September 21, 2010
$7 million boost for America's Marine Highway program
U.S. Transportation Secretary Ray LaHood this week announced that $7 million is being awarded to the Mississippi Department of Transportation, the Virginia Port Authority and the Tennessee-Tombigbee Waterway Development Authority to support the transportation of marine cargo between U.S. ports.The announcement comes just five weeks after unveiling details of the America's Marine Highway program, a short-sea shipping initiative.
The money will help expand an existing marine highway operation in the Gulf of Mexico between Texas and Florida and one on the East Coast between Richmond and Hampton Roads in Virginia. The money will also help start an entirely new all-water service on the Tennessee-Tombigbee Waterway between Itawamba, Mississippi and the Port of Mobile, Alabama.
"These projects demonstrate how water transportation can help solve some of our toughest transportation challenges," said Secretary LaHood. "Transporting goods by water will let us reduce congestion and greenhouse gas emissions."
"This is a key opportunity to demonstrate the benefits and viability of moving freight on the water," said David T. Matsuda, Maritime Administrator. "These grants will help a long overlooked means of transporting goods finally grow."
Projects receiving grant funding are:
The Cross Gulf Container Expansion Project (Sponsored by: The Ports of Brownsville, Texas and Manatee, Florida).
The Cross Gulf Container Expansion Project between Brownsville, Texas and Manatee, Florida along Marine Highway Corridor 10 is awarded $3.34 million to help modify two barges and purchase equipment that will result in diesel fuel savings of nearly 70,000 gallons per one-way trip, 2.7 million gallons each year and save 18 million miles annually.
The James River Container Expansion Project (Sponsored by: The Virginia Port Authority).
The James River Container Expansion Project is awarded $1.1 million for the purchase of two barges on Marine Highway Corridor 64 that is already eliminating 6,000 trucks from local highways will remove gridlock from some of the 130,000 trucks traveling between the Hampton Roads container terminals and rail terminals. The existing container-on-barge service between Hampton Roads and Richmond, Virginia will grow to three sailings each week by increasing the frequency of service and starting a new inter-terminal barge shuttle between terminals in Hampton Roads.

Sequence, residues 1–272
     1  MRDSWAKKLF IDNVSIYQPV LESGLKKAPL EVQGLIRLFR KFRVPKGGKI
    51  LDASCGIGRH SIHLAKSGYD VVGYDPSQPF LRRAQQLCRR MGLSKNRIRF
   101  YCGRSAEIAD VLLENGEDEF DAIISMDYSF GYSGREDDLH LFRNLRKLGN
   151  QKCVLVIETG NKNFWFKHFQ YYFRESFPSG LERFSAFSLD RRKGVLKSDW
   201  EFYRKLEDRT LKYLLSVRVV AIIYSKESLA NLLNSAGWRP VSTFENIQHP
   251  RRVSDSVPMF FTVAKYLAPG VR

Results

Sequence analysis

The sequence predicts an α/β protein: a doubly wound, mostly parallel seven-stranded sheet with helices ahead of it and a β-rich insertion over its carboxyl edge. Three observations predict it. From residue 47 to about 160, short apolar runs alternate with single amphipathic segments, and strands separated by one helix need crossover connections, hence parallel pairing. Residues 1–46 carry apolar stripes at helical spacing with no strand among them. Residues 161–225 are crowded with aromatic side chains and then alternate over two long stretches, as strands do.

The Tennessee-Tombigbee Waterway Pilot Project (Sponsored by: The Port of Itawamba, Mississippi).
The Tennessee-Tombigbee Waterway Pilot Project on Marine Highway Corridor 65 is awarded $1.76 million to help purchase and modify nine barges for a new container transportation service on an all-water route between the Port of Itawamba, Mississippi on the Tennessee-Tombigbee Waterway and the Port of Mobile, Alabama eliminating more than 4,400 truck trips each year.
An additional $800,000 will be used to help further study potential marine highway concepts around the country.
West Coast Hub-Feeder and Golden State Marine Highway ($275,000):
The West Coast Hub-Feeder concept proposes services along the U.S. West Coast between Southern California and the Pacific Northwest, including ports along the route. The Golden State Marine Highway Initiative proposes services along the California Coast and calling on thirteen ports between Crescent City and San Diego, California.
Illinois-Gulf Marine Highway Initiative ($275,000):
This initiative proposes container-on-barge services between Peoria, Illinois and Gulf Coast seaports, creating a new container shipping option between these regions.
East Coast Marine Highway Initiative and New Jersey Marine Highway Platform ($250,000):
The East Coast Marine Highway Initiative proposes to begin a coastal marine service paralleling Interstate 95 and serving areas including Port Canaveral, Florida; Baltimore, Maryland; and New Bedford, Massachusetts, and potentially other East Coast ports as the effort evolves.
The New Jersey Marine Highway Platform proposes expansion of water transportation to help move the significant volumes of freight within New Jersey and along interstate routes between ports along the Eastern Seaboard as well.